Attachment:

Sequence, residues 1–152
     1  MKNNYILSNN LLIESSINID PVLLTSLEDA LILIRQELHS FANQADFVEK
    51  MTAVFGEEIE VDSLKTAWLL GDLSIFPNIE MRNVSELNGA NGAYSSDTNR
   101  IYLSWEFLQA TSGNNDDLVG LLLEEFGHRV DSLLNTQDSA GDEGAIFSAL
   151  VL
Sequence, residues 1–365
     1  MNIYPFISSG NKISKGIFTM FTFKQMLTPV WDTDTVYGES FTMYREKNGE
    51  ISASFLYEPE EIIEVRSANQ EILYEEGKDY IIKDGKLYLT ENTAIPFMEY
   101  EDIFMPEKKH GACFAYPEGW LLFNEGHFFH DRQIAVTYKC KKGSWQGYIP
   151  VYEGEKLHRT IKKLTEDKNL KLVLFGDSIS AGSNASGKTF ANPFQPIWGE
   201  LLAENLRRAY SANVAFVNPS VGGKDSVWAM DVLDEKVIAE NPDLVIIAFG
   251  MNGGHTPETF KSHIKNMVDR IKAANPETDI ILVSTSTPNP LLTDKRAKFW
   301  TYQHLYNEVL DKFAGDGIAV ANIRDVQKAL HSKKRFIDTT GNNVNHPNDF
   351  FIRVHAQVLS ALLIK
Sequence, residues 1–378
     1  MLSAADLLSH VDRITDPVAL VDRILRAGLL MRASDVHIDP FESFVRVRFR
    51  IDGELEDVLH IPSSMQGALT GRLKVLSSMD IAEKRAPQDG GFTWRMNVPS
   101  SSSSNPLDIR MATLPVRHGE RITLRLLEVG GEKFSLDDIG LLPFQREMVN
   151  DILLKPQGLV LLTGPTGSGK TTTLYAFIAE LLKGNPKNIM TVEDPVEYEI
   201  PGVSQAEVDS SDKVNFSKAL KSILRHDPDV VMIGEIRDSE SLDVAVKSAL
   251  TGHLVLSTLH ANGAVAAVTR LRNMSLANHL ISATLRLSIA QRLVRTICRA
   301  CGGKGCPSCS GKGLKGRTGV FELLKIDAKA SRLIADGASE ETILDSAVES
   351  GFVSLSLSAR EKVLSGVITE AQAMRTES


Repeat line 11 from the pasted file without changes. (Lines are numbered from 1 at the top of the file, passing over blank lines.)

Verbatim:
   201  LLAENLRRAY SANVAFVNPS VGGKDSVWAM DVLDEKVIAE NPDLVIIAFG